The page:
He jacked out and his eyes cleared. “I’m not quite done. I’ll set this terminal to give its standard ‘all clear’ to the next system security query. They’re every thirty minutes, and next ping is in just over nine. According to the schedule, we have eleven minutes until this station’s guards have to be out on fence patrol. My patch will bluff once, but not twice. We have to be gone before the second check.”

Tam lifted his helmet visor and nodded at Poet9. “We can do that as long as we move fast and stay subterranean. We’ve got floor plans and key codes for the lab building, but I want you to access the defense network in the lab area itself. Sift the system to see what’s online in there. You know how I hate surprises.” He glanced at the station terminal. “Can you crack it from here?”

“Not in a half-hour.” Poet9 said. “Their intranet has centralized control, but each building is separately zoned. With the time we’ve got, I’d have to splice at a specific site to mess around with its local grid. The only way is through a terminal in that building.” Poet9 squared off in front of Tam and patted the oversized Walther 11 holstered on his hip. I’d swear he even lowered his voice a bit. “You want it down, boss, I’ll have to go in with you.”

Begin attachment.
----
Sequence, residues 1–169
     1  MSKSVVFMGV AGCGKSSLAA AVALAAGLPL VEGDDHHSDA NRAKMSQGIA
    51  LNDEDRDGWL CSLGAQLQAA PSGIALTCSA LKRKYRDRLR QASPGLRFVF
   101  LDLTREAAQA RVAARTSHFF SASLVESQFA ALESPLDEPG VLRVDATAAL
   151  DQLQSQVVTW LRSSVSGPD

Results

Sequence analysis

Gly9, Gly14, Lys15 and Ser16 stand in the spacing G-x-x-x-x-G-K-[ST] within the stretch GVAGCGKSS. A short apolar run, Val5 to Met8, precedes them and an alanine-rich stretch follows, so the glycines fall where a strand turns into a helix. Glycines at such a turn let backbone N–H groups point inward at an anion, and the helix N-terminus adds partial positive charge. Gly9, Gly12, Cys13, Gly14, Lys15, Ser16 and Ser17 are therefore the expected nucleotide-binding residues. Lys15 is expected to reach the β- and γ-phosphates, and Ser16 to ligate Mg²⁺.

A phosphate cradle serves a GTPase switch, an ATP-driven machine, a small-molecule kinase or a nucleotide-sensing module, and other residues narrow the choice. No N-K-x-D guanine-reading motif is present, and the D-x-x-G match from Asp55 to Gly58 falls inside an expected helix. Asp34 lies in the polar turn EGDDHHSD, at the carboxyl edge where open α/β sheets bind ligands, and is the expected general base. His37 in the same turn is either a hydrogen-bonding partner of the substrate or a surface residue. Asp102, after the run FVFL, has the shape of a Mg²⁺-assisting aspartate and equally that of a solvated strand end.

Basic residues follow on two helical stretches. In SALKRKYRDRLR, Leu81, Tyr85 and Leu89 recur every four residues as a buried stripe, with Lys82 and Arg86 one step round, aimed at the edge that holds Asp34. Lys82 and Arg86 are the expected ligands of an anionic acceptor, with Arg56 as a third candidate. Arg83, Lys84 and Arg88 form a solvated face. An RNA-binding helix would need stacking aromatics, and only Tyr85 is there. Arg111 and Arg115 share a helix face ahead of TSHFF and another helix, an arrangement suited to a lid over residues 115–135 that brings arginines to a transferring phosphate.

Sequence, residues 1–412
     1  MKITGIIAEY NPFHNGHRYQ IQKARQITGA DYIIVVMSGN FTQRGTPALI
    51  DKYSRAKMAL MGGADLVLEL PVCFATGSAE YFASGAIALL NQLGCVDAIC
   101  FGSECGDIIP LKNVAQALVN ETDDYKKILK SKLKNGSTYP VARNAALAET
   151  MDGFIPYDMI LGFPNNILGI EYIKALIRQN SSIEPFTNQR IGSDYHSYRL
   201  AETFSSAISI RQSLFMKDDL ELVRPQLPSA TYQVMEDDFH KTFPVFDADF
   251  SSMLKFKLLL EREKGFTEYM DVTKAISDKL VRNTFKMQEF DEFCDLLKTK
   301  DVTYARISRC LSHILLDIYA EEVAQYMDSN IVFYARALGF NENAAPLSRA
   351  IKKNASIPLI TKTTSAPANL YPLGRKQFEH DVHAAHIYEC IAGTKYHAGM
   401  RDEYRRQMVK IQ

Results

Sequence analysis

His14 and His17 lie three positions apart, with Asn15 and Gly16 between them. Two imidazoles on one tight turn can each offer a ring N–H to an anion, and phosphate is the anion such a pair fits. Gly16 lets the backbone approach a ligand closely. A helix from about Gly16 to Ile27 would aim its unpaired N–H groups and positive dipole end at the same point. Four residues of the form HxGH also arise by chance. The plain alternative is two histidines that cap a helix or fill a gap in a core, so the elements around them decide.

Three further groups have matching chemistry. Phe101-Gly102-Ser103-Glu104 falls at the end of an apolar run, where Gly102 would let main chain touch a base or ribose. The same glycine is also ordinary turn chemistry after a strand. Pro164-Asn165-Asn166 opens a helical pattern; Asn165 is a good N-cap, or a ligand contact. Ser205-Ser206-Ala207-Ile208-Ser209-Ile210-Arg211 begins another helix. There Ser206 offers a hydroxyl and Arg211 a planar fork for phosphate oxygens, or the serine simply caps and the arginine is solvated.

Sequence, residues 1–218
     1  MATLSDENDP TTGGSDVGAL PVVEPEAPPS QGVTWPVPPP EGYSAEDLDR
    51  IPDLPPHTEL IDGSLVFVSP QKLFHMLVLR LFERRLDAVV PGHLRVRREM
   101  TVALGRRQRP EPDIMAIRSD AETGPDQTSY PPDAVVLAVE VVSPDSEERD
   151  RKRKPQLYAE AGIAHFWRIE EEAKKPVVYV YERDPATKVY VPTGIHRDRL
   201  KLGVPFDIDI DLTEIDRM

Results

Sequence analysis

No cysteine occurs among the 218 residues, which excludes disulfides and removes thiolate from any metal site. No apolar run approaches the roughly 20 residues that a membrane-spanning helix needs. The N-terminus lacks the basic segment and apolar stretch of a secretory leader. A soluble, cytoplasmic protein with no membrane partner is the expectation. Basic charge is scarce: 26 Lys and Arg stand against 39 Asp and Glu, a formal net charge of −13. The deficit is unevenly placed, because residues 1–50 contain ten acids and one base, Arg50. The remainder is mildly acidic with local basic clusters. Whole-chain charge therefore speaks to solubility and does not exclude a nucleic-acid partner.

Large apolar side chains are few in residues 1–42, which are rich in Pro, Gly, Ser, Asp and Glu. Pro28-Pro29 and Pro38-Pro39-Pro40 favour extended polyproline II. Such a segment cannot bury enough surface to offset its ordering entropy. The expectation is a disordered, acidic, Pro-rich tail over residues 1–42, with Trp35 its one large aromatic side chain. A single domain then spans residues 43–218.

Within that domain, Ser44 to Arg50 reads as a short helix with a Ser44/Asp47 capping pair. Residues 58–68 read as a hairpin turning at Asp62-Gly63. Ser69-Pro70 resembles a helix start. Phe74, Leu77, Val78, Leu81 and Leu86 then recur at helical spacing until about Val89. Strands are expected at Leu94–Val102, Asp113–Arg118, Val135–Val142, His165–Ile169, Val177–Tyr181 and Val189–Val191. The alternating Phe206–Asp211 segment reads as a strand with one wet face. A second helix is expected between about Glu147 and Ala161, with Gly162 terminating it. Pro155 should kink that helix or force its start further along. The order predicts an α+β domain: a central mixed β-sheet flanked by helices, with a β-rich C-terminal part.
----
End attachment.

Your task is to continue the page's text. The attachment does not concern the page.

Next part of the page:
“Stop with the machista grande. You’re a data rat, not a slum gunner, remember,” Tam sighed. “Jace and I will clear the way. Scan the bodies and dig out their chips, then have Flopsy and Mopsy walk the fence. That’ll keep the alarms quiet. Make sure they prep some EMPs in case those ‘bots show up. You hang back and only come in the lab when I say it’s clear. Got it?”

Poet9’s eyes gleamed as he coiled up his data cables and tugged the knit cap back over his misshapen head. He unsnapped the pistol holster at his side.”Sure thing, boss. We’re good.”

Tam and I headed for the door. “Machista Grande? What is that, a coffee drink?”

Another faint smile.”Don’t even start.”

“He’s got a name for that hand cannon, you know,” I whispered.

“I’m not listening.”

A minute later, Poet9 was carrying two bloody RFID chips from the guards’ hands. Tam re-deployed the Triplets, and I checked the feed from our drones. No sign of a response. The action inside had bled off some tension, but something still gnawed at the back of my mind. I looked to see if Tam felt it, but he’d gone into mode and was all crisp. The Triplets were moving, so I sprinted towards the tangled geometry of the labs. We were running all the way to the end.